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Flashcards in Pharm cancer Deck (101):
1

FRONT

BACK

3

Define Cancer:

tissue overgrowth which is independent of the laws governing the remainder of the body. Serves no purpose to the body.

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What is the original definition for tumor?

A mass greater than 2cm

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Define neoplasm:

new growth

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T or F: All neoplams are cancer.

F. Neoplasm just refers to new growth. Does not specify if it is malignant or benign

11

T or F: Cells that are atropic or hypertrophic can be considered normal

TRUE-depends on life stage

13

T or F: Metaplasia is normal.

F. Metaplasia is always caused by "rebellious" cells

15

When cells are dysplayed, but have not penetrated the basement membrane of the organ they are described as a:

in situ neoplasm

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When growth penetrates through the basement membrane of an organ and can spread throughout the body it is described as an:

invasive neoplasm

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A tumor that is well-defined, has a low mitotic index, and does not metastatize is most likely:

benign

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A tumor that is poorly defined, poorly differentiated, has a high mitotic index and has metastasis is most likely:

malignant

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Define anaplasia:

When a cell no longer resmbles the original cell. Ex: original cell was cuboidal, new cell looks columnar

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Altered contact inhibition refers to:

the cells within a tumor's ablility to continue growing and multiplying despite normal growth parameters

27

Define autonomy:

cell's ability to disconnect from the normal laws of cell growth

29

How does a malignant tumor change the transport of sugar and amino acids?

Instead of nutrients going to appropriate cells they go straight to the tumor

31

T or F: A benign tumor is never life threatening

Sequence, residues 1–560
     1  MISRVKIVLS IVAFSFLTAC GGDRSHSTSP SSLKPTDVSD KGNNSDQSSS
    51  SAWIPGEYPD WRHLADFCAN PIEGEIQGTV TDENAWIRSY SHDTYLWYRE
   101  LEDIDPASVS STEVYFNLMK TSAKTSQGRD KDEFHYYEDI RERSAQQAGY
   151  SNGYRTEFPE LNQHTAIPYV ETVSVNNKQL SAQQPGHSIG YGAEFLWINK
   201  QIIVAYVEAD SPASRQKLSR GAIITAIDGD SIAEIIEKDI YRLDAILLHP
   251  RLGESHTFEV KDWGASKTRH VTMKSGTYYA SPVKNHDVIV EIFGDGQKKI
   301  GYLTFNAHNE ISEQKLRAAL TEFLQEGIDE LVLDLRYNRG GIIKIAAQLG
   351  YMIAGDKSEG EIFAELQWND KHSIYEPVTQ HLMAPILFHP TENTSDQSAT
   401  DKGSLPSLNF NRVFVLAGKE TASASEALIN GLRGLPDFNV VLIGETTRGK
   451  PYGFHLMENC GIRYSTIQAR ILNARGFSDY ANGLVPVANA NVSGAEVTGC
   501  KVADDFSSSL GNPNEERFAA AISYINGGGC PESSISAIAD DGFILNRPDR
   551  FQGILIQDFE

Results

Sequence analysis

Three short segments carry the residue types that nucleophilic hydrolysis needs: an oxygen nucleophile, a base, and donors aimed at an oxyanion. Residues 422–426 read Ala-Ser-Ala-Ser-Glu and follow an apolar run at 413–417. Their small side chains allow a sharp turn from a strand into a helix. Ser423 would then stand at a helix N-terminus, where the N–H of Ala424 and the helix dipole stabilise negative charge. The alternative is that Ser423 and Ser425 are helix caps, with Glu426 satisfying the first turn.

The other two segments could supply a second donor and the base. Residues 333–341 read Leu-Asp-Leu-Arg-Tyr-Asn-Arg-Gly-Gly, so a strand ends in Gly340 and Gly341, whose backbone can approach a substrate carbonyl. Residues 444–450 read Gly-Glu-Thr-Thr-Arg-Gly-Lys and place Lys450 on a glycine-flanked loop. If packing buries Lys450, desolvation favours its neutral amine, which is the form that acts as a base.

F. Depending on location benign tumors can be life threatening

33

List the 6 hallmarks of cancer:

1. self-sufficiency in growth signals 2. insensitivity to antigrowth signals 3. Evading apoptosis 4. Limitless replicative potential 5. Sustained angiogenesis 6. Tissue invasion and metastasis

35

Define angiogenesis:

the vascularization of neoplastic cells (tumor can develop circulation and grow quickly)

37

Why are tumor classifications important?

help us know the origin of the cancer, important for diagnosing and treating cancer-site of origin determines appropriate treatment

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Cancer found in epithelial cells:

carcinoma

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Cancer found in grandular tissue:

adenocarcinoma

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Cancer found in connective tissue:

sarcoma

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Cancer found in lymph tissue:

lymphoma

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Cancer found in blood forming tissue (marrow)

leukemia

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Cancer found in the uterus:

fibroma

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Cancer found in bones:

osteoma

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Cancer found in cartilage:

chondroma

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Cancer found in glial cells of the CNS:

gliomas

57

What is one of the most deadly types of cancer?

gliomas

59

Carcinogenesis refers to:

the foundations of how a cancer begins

61

T or F: All cancers have a huge genetic component.

F. Genetics plays a role, but not always.

63

Define protooncogenes: